Nikki Haley’s Record on Promoting Women’s Rights: Slim to Nonexistent

Nikki Haley delivering remarks at the UN on the famine risks in certain countries in Africa and in Yemen, above. Her record on promoting women’s rights as US ambassador to the UN has so far has been minimal if not ambivalent. Photo Credit: UN PHOTO

“During the general-elections campaign, a group of South Carolina women came to me with a pledge they asked me to sign. It committed me to appointing women to high-level positions in my administration if I were elected governor. My white male opponent immediately signed it. I didn’t. I told the group that I wouldn’t sign a quota pledge, but I would promise to appoint the best people for the job, regardless of sex. No one is a bigger booster of women in public service than me. But I didn’t want to appoint a woman because she was a woman — and I certainly didn’t want a member of my team who thought she had the right to be there because she was a woman. I got some heat for this stand.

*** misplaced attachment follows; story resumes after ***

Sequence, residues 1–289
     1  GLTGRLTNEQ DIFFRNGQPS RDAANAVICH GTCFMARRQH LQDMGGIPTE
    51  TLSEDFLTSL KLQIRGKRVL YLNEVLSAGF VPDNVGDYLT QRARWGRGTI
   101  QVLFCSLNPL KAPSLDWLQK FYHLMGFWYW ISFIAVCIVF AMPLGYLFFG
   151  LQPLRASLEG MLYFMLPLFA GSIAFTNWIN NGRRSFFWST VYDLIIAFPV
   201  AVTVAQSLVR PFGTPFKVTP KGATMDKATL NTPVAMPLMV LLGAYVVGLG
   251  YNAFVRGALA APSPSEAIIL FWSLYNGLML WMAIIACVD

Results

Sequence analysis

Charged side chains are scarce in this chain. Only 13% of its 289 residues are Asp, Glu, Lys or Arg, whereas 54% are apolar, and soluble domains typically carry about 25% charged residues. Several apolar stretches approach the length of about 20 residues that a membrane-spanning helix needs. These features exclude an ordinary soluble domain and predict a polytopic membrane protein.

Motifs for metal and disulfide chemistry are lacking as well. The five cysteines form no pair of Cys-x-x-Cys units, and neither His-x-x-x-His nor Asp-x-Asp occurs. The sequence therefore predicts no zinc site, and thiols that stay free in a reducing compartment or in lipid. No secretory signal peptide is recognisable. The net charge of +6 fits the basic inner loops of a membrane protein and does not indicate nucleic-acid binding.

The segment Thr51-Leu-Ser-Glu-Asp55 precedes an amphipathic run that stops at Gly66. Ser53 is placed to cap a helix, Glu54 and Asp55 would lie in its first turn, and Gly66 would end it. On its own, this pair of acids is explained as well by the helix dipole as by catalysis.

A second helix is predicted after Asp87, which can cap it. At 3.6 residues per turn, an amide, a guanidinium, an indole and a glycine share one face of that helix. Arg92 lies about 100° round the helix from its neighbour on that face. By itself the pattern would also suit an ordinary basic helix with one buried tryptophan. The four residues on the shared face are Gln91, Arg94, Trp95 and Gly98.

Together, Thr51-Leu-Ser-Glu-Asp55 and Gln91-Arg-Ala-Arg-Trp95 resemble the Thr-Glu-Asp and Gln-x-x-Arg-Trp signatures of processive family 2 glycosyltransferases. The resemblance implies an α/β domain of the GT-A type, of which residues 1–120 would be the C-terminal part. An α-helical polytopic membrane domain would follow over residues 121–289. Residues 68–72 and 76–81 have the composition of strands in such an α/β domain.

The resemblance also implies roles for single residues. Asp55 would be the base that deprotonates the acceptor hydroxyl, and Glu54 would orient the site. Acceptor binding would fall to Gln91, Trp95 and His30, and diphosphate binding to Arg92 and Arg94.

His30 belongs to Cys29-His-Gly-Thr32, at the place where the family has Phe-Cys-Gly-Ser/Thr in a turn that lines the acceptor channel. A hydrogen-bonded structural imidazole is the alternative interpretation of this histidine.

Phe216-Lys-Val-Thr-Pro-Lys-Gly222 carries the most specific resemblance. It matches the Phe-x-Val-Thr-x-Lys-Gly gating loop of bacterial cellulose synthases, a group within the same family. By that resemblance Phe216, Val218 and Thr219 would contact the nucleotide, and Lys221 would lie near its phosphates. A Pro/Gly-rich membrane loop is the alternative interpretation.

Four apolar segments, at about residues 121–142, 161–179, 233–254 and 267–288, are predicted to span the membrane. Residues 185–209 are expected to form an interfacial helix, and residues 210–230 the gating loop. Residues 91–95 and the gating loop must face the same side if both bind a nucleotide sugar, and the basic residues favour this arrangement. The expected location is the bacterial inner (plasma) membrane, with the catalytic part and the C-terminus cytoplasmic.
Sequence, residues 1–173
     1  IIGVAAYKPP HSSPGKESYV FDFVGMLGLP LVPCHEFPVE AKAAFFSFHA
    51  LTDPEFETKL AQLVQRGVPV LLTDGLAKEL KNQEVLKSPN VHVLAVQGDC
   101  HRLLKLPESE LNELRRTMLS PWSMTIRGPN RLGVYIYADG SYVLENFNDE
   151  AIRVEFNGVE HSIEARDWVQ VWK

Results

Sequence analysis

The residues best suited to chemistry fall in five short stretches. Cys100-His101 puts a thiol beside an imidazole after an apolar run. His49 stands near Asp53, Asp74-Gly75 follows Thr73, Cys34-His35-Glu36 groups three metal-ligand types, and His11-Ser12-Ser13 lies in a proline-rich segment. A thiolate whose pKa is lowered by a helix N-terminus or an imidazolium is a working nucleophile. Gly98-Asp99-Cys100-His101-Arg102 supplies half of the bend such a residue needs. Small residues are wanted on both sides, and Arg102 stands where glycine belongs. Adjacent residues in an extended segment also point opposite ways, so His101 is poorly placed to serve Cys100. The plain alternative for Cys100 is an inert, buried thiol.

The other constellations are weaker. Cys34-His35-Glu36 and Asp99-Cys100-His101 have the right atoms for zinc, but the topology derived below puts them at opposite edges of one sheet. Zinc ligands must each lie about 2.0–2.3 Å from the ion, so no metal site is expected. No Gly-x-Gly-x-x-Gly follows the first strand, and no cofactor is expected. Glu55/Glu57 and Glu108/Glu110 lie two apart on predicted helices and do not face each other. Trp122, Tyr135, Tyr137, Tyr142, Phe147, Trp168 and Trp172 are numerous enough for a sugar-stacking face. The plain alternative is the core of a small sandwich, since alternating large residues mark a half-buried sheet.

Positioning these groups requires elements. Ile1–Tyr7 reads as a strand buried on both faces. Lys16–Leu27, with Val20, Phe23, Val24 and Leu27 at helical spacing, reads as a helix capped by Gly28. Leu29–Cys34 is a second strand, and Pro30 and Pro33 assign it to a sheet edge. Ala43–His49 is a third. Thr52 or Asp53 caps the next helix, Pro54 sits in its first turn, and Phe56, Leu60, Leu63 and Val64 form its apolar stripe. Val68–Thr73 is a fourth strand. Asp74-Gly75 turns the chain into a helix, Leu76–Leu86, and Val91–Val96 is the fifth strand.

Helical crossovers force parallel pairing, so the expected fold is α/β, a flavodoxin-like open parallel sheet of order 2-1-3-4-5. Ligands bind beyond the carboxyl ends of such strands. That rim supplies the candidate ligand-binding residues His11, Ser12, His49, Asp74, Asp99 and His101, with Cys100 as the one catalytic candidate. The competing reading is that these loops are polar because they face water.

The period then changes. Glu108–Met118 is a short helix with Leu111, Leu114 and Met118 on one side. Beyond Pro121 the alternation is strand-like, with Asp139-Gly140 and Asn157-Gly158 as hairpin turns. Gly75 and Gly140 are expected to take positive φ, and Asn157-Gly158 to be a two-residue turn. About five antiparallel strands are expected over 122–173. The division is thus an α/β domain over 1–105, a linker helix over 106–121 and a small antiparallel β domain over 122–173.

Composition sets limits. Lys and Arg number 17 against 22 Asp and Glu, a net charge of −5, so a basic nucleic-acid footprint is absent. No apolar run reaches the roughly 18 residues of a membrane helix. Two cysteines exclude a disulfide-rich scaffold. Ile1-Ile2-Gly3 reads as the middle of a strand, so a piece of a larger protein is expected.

. . . I realized these groups — the groups claiming to represent women and minorities — are just like any other establishment special-interest groups. They’re looking for politicians who will work for them, not for the taxpayers. But I hadn’t spent seven years fighting the old establishment to be bought and paid for by a new establishment.”

“All of my policy is not based on a label, it’s based on what I’ve lived and what I know: Women don’t care about contraception. They care about jobs and the economy and raising their families and all of those things.”

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